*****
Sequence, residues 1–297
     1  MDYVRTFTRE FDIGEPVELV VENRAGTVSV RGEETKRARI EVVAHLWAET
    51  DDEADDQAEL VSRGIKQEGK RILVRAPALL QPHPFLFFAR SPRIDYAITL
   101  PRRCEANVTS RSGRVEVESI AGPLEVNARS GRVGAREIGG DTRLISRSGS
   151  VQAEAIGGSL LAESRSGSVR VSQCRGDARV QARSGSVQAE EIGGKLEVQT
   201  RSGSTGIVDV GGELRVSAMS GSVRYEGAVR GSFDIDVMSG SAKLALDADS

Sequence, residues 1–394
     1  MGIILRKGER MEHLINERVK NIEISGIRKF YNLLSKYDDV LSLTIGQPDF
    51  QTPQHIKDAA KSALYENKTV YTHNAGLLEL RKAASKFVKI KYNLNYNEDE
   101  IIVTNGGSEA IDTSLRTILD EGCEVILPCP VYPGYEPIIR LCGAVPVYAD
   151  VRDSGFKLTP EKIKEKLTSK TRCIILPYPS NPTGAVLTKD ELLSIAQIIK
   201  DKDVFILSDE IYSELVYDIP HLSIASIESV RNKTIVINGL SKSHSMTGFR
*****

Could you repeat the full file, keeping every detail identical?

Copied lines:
Sequence, residues 1–297
     1  MDYVRTFTRE FDIGEPVELV VENRAGTVSV RGEETKRARI EVVAHLWAET
    51  DDEADDQAEL VSRGIKQEGK RILVRAPALL QPHPFLFFAR SPRIDYAITL
   101  PRRCEANVTS RSGRVEVESI AGPLEVNARS GRVGAREIGG DTRLISRSGS
   151  VQAEAIGGSL LAESRSGSVR VSQCRGDARV QARSGSVQAE EIGGKLEVQT
   201  RSGSTGIVDV GGELRVSAMS GSVRYEGAVR GSFDIDVMSG SAKLALDADS

Sequence, residues 1–394
     1  MGIILRKGER MEHLINERVK NIEISGIRKF YNLLSKYDDV LSLTIGQPDF
    51  QTPQHIKDAA KSALYENKTV YTHNAGLLEL RKAASKFVKI KYNLNYNEDE
   101  IIVTNGGSEA IDTSLRTILD EGCEVILPCP VYPGYEPIIR LCGAVPVYAD
   151  VRDSGFKLTP EKIKEKLTSK TRCIILPYPS NPTGAVLTKD ELLSIAQIIK
   201  DKDVFILSDE IYSELVYDIP HLSIASIESV RNKTIVINGL SKSHSMTGFR